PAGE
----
AUGUSTA — A woman who fired a handgun while arguing with her husband at their Oakland home testified Monday at her trial on several charges she was in fear for her safety after he swore at her, called her names and got in her face, but she had no intention of shooting him.

Heather M. Hodgson, 41, was charged with attempted elevated aggravated assault, domestic violence reckless conduct with a dangerous weapon, domestic violence criminal threatening with a dangerous weapon and endangering the welfare of a child following the incident in early 2023. She had fired a 9 mm hollow-point round into the floor of the bedroom she shared with her husband during that argument.

Before the one-day trial began at the Capital Judicial Center in Augusta, state prosecutors dropped a Class B charge of attempted elevated aggravated assault, which would have come with a maximum sentence of up to 10 years in prison.

Midway through the trial on a motion from Darrick X. Banda, Hodgson’s lawyer, Active Retired Superior Court Justice William Stokes ruled there was not enough evidence to continue with charges of attempted aggravated assault and a second count of domestic violence reckless conduct with a dangerous weapon. Stokes dropped those charges from the trial.

Stokes said he expects to issue his verdict Tuesday morning.

Hodgson’s husband testified that following an argument Feb. 3, 2023, he took out the trash, including emptied bottles of alcohol that had prompted their argument, but had to push his way through the family’s front door to get back in because Hodgson was holding it closed. He said that when he got inside, he found his wife pointing her Glock handgun at him and demanding he leave.

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The newspaper is not identifying the man because it is the Kennebec Journal’s policy to not identify victims of alleged domestic violence crimes without their consent.

He said he had intended to leave the house, but needed to get his wallet, cellphone and other items before going. He said Hodgson had pulled his cellphone from his hands and thrown it to the floor.

“When I went to get my phone, she was standing over the bed with the muzzle pointed at me. At one point, she moved the muzzle off me, and then came right back on,” the woman’s husband testified Monday. “That’s the moment I knew I had to get out of there. When she moved that muzzle off me and looked back at me, expressionless, was when I knew I was in trouble. As soon as I grabbed my phone and turned around, I heard ‘bang.'”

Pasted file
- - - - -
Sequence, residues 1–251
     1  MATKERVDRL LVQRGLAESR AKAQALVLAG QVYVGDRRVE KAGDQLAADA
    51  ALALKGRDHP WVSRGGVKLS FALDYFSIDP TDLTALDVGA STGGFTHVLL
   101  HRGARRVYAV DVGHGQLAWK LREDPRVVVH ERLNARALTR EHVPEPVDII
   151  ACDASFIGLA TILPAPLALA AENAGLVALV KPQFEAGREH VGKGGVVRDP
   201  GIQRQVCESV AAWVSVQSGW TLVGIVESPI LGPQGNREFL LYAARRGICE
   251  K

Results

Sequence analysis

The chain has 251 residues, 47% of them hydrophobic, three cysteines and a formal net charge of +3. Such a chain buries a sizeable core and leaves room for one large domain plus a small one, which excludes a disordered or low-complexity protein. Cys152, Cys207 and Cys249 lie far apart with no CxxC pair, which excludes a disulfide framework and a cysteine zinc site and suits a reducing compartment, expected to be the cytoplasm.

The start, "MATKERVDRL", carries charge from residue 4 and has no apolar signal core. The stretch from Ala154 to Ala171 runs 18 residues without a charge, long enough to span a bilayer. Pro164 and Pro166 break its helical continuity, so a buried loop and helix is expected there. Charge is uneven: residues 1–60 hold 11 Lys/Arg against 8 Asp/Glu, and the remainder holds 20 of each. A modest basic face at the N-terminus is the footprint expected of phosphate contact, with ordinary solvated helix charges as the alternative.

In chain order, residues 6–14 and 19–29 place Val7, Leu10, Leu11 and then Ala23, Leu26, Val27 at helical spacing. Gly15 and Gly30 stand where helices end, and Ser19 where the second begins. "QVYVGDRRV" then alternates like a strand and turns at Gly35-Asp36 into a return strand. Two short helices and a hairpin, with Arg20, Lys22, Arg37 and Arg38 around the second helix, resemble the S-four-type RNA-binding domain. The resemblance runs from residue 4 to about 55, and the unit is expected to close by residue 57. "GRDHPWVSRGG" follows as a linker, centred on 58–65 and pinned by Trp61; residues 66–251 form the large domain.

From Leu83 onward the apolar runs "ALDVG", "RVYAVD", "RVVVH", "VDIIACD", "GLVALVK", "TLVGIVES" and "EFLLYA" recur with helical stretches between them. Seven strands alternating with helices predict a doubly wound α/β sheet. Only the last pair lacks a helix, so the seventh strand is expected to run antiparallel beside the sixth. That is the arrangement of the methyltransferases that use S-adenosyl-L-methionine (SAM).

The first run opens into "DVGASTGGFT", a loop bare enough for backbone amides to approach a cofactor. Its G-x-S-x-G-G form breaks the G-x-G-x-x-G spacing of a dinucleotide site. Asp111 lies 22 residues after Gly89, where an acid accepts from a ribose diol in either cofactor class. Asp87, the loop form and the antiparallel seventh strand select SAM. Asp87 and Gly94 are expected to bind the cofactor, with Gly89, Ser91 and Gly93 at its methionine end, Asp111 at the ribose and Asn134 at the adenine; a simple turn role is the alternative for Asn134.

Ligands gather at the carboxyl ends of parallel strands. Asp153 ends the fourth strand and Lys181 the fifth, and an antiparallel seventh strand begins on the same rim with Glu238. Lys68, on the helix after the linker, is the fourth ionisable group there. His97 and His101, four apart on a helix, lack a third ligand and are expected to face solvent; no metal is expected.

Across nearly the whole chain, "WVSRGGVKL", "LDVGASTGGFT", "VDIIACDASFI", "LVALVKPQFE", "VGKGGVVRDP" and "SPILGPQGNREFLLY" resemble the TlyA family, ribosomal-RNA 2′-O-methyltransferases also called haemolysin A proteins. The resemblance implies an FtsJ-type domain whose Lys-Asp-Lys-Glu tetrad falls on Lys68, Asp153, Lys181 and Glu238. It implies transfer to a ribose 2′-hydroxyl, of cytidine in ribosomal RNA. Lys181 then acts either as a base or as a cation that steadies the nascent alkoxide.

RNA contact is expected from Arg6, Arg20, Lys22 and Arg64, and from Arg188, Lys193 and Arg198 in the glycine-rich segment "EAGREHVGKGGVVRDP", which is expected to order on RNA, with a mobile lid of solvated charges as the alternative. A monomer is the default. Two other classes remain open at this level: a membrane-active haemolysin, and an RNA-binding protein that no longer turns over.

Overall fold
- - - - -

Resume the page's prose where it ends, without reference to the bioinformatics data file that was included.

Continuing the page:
He then turned, pushed Hodgson onto their bed, ripped the gun from her hands, pulled out the gun’s magazine and called the police.

The man was not shot or injured, and the bullet left a large hole in the carpet, officials said.

Hodgson, formerly of Oakland and now of Winslow, testified she thought the man had left the house after they argued. She said she was making her way downstairs to go to bed when she stopped by the door to grab her purse, which contained the handgun she said she had bought for protection. Hodgson said the door opened and hit her, then it was opened more aggressively and hit her again, which is when she said she decided to pull out the gun. She testified that she held it pointed down, not at her husband, even after he forced his way through the door.

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She said she was frightened because he was unpredictable, and he had earlier thrown his wedding ring in her direction, sworn at her, called her names and got in her face.

Hodgson ordered him to leave, and when he said he needed to get items from downstairs first, she said she became concerned because that was where he kept his handgun, in a locked box. She said she fired the shot into the floor to defend herself from him, but said she had no intention of shooting him, and shot to the left as he was moving to the right.

“He looked really angry, and I didn’t know what he was thinking, so I didn’t know what to do,” Hodgson testified, sometimes through tears. “I just was scared. My intent was self-defense.”

Hodgson also noted her husband is much larger than she, and while she has had extensive firearms training, she has had no training in using only her body in self-defense.

The couple’s two young children were home during the incident, in their bedrooms upstairs from where the shooting took place.

Prosecutor Shannon Flaherty, an assistant district attorney for Kennebec County, said the endangering the welfare of a child charge was brought because Hodgson, who she said was impaired from drinking alcohol, fired the gun inside the house while the children were there. One of the children had been awake and moving around the house a short time before the incident.

Banda said a gun going off into the floor of the basement of the home while the children were upstairs does not meet the requirements to be found guilty of endangering the welfare of a child. He also said there had been no testimony or expert witnesses who indicated the children were in danger.

The two most serious remaining charges — domestic violence criminal threatening with a dangerous weapon and domestic violence reckless conduct with a dangerous weapon — are Class C crimes, which are punishable by up to five years in prison.

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